This balancing act between short term growth and long term sustainability is the challenge every organization faces and the judged success of the Chinese government's management of the national economy will be in large part based in how they continue to manage this balance.

February 7, 2006 at 06:55 AM in China, Strategic Ventures | Permalink | Comments (0) | TrackBack

Another month, another org chart

So I've got another new boss, or rather two bosses. Instead of directly reporting to the CEO or one level removed, it's now two, as me and the team have been bumped over to the Finance division. So it's CEO-CFO-my boss- then me. Things are never boring here. At least I've got plenty of experience with where a corporate development, corporate ventures team can fit into an organization and how that affects the chains of decision.

Ultimately, I think this shift makes sense as the types of deals we're looking at have changed to include some more early stage opportunities. Guess time will tell though. And then there's the fact that our CEO usually wants to be involved very directly in all our projects because of his own entrepreneurial streak. We'll see how this hand-off plays out, but the others were basically on paper only.

February 7, 2006 at 04:12 AM in Strategic Ventures | Permalink | Comments (0) | TrackBack

helium report

Earlier this week, Ang and I had the great pleasure of sharing our friend Katherine's birthday with her husband Jamie. More than that, they treated us to dinner, and let us share in the wonderful, fresh-off-the-presses news that their baby, due about a week after ours, is going to be a girl. How nice are they?!

We went out to Jack Falstaff in our old neighborhood of South Beach, San Francisco. On our way over, Angie and I walked down Townsend and up 2nd and couldn't believe the development that's gone on in the short two years since we moved to Shanghai. Now, it's not been Shanghai paced, but it seemed to be faster than the changes in New York's East Village (nee Lower East Side), another of our old neighborhoods that is gentrifying at a quick speed.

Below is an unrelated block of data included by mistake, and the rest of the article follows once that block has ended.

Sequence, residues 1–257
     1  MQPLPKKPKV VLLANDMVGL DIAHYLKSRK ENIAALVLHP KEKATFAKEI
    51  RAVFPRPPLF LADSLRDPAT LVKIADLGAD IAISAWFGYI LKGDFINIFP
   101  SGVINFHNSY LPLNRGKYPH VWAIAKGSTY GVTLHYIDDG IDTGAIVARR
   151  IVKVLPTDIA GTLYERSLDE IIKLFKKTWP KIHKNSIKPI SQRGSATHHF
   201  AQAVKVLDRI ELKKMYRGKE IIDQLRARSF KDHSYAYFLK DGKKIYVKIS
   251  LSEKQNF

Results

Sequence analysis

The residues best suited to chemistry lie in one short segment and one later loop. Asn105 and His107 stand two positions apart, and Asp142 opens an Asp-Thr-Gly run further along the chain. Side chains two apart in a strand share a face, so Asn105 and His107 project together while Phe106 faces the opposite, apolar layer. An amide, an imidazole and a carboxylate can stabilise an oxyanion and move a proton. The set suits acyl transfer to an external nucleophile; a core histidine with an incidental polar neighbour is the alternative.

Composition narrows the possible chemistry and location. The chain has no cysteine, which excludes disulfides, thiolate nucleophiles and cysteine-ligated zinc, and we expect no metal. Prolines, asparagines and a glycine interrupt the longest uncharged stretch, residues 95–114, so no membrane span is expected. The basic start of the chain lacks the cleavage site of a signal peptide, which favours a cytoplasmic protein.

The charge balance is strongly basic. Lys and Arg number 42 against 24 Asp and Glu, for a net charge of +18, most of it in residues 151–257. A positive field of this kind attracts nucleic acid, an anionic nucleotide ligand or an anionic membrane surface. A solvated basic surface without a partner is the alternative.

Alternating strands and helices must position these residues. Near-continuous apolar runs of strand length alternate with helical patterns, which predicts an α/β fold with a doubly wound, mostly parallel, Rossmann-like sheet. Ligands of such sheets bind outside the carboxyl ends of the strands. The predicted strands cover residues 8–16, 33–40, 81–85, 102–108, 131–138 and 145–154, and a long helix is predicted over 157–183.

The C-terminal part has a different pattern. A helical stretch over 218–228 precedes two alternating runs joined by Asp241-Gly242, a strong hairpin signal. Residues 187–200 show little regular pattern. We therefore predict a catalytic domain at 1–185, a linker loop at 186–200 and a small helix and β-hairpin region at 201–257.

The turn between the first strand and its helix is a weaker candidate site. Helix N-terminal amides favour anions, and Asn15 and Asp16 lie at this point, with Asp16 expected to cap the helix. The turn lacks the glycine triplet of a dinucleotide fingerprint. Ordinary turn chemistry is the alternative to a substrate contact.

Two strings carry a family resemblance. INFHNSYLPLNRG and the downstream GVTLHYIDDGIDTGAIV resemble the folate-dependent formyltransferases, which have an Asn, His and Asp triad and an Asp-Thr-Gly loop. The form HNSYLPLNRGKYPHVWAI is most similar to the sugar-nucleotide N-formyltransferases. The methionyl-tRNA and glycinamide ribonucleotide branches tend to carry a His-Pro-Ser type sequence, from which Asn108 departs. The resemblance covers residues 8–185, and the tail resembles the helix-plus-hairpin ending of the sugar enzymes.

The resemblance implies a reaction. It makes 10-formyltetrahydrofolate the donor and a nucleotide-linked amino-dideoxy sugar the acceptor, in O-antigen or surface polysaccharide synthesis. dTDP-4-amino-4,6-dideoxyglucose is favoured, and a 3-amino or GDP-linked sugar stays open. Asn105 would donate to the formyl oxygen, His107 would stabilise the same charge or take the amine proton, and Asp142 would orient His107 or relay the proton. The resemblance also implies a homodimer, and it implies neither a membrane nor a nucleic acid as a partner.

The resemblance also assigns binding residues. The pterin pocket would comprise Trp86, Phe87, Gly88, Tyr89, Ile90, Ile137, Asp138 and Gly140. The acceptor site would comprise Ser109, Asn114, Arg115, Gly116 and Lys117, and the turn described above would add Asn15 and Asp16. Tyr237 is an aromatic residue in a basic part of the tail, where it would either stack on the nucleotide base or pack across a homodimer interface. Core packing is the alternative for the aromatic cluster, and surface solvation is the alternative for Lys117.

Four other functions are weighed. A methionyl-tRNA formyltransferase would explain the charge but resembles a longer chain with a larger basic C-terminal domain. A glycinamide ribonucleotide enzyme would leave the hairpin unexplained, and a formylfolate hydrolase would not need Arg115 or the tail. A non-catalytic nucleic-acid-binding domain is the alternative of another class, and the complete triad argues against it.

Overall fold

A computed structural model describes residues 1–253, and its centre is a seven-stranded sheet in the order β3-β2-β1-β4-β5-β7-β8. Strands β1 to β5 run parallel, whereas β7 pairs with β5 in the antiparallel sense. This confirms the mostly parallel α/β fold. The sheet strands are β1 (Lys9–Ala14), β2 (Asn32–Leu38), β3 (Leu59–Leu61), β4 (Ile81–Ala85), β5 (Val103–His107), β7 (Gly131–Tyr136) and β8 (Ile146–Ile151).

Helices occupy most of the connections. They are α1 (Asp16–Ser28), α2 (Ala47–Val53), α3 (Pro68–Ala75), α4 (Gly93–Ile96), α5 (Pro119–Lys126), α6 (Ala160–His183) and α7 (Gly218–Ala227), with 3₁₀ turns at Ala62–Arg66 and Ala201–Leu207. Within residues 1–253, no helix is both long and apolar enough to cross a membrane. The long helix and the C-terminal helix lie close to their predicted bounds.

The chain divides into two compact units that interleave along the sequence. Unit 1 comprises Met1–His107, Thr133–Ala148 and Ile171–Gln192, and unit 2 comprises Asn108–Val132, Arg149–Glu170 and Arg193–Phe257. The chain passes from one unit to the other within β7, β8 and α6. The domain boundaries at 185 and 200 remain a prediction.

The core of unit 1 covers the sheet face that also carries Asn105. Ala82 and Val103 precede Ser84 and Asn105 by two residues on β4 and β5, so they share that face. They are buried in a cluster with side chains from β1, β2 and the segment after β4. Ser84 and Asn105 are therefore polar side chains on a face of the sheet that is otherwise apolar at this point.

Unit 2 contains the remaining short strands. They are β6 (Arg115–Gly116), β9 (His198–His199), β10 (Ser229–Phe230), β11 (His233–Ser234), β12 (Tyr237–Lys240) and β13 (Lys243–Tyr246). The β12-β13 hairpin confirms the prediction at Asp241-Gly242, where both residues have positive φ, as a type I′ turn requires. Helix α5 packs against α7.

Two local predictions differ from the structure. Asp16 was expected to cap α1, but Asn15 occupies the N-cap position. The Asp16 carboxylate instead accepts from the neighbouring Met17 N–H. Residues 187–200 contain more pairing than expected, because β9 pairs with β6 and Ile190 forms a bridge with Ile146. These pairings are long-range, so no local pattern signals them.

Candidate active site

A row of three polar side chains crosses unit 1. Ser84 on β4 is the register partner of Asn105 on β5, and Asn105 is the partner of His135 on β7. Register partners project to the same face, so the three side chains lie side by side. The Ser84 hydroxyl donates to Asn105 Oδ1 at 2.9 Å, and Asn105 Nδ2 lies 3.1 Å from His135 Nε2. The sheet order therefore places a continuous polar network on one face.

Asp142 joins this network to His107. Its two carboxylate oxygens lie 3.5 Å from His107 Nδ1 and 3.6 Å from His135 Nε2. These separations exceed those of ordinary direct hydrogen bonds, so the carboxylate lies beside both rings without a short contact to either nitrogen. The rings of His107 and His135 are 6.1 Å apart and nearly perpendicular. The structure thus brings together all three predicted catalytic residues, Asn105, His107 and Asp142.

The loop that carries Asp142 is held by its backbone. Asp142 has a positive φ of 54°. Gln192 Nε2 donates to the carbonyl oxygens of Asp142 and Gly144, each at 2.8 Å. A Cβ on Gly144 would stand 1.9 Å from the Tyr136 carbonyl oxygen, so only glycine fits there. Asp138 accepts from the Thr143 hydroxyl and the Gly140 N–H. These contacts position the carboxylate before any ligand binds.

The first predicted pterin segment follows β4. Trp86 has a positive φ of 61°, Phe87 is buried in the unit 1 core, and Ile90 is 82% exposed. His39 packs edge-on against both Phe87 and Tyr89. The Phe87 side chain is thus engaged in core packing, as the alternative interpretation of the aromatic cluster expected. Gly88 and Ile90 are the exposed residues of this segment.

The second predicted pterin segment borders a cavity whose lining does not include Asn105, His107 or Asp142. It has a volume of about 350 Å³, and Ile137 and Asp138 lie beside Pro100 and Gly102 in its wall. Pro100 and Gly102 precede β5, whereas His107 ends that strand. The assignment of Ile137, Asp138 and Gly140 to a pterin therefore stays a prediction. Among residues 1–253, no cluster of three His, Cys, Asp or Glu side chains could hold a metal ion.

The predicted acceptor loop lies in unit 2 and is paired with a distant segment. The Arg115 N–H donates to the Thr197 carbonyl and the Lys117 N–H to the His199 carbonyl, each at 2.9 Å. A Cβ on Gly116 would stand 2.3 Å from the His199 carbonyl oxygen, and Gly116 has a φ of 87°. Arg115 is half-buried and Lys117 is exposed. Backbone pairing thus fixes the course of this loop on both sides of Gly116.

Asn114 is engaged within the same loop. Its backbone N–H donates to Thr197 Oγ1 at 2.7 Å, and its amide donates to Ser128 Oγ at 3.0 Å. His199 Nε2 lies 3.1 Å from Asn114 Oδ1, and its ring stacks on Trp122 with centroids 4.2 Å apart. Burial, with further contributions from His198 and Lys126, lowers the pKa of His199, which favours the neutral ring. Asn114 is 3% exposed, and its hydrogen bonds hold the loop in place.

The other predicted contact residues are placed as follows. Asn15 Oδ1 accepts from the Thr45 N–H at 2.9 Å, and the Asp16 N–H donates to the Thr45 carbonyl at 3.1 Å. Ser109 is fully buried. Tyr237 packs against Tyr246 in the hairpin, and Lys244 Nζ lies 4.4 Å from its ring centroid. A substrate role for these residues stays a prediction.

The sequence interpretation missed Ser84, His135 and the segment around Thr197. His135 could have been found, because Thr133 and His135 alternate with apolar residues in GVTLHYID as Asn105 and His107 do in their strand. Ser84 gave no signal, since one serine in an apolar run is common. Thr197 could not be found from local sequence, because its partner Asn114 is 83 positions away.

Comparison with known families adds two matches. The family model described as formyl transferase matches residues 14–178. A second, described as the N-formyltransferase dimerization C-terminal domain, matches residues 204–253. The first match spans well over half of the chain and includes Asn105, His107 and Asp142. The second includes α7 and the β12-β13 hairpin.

Nice dinner. Lots of catching up. Lots of pregnancy note sharing. Lots of fun.

Jamie's up to some interesting things over at Helium Report. I can see a media empire expanding to include other forms of delivery (RSS, podcasts, vidcasts, etc...) to their great targeted audience. Building communities of trust is also the basis of a little idea that I'm working on spinning into my TRIUM term project, of which I'm sure there'll be more posts to come. Both ideas also remind me of Willie Sutton's famous quote about why he robbed banks, to which he replied, "Because that's where they keep the money."

February 4, 2006 at 05:56 PM in Business School, Personal, Strategic Ventures | Permalink | Comments (0) | TrackBack

small blessings

Finally a moment of peace during this crazy trip to the US. We saw a high risk ultrasound specialist this morning. Part of the Camino Medical Group that my brother belongs to and a Stanford affiliate. We were following up on some borderline test results that had us anxious in NYC. Well, the results were a big, big relief. Everything looks good. A couple of "soft markers" that need even more follow up, but the baby's development looks healthy so far, and the markers seem to be really soft signals. Angie and I were comfortable enough not to opt for an amnio.

Then it was off to Lullaby Lane to drop a wad and get swamped with parenting choices. LL is the baby superstore that everyone in the Bay Area goes to, and with good reason - friendly staff, lots of selection and fair pricing. Our second trip in the past three days. Though it's a little bit of a haul from Mountain View up to San Bruno, something tells me that I might find myself back there again in the next seven days, before we leave.

Last night, went to a CSPA event at Fenwick & West. The talk was on the state of VC. A presentation of the latest Money Tree results and a few words from each VC on the panel. A little bit of interesting content, but good for getting my mind into an alpha state where I could come up with some interesting ideas. Well, we'll see if others think they're interesting, but for now, at least good for some idle brainstorming that might prove valuable to either of my two jobs or my bschool work. Gotta let them bake a little bit, but they're around resource and capital efficiency in transpacific start-ups.

January 26, 2006 at 12:08 PM in China, Fatherhood, Strategic Ventures | Permalink | Comments (0) | TrackBack

Noveler Managers Club

Maybe some entrepreneurs and young managers at this Noveler Managers Club networking event:

Date:   Dec. 20, 2005 (Tuesday)
Time:   19:00-22:00   
Venue: PAUL&TED Bar Restaurant (保罗.泰迪酒吧餐厅)
Address: 2/F ,No.380 Xingguo Road  (Near Wukang Road)
Participators: MBAs(Fudan,Jiaotong,CEIBS) , Entrepreneurs ,managers 
Cost::  RMB 100---with RSVP    RMB 120---without RSVP,  RSVP before Dec15 is appreciated.   
Organizer:Noveler Managers Club (珞文经理人俱乐部)
           Noveler Advertising (上海珞文广告有限公司)

December 14, 2005 at 04:24 PM in China, Strategic Ventures | Permalink | Comments (0) | TrackBack

waiting for data

I asked a company that we are interested in for some additional information, content that they should have ready for anyone who is as seriously interested in investing as we are. And they've taken two days to respond with incomplete and unclear answers.

Sometimes we make life (and work) more difficult for ourselves.

December 14, 2005 at 03:30 PM in Strategic Ventures | Permalink | Comments (0) | TrackBack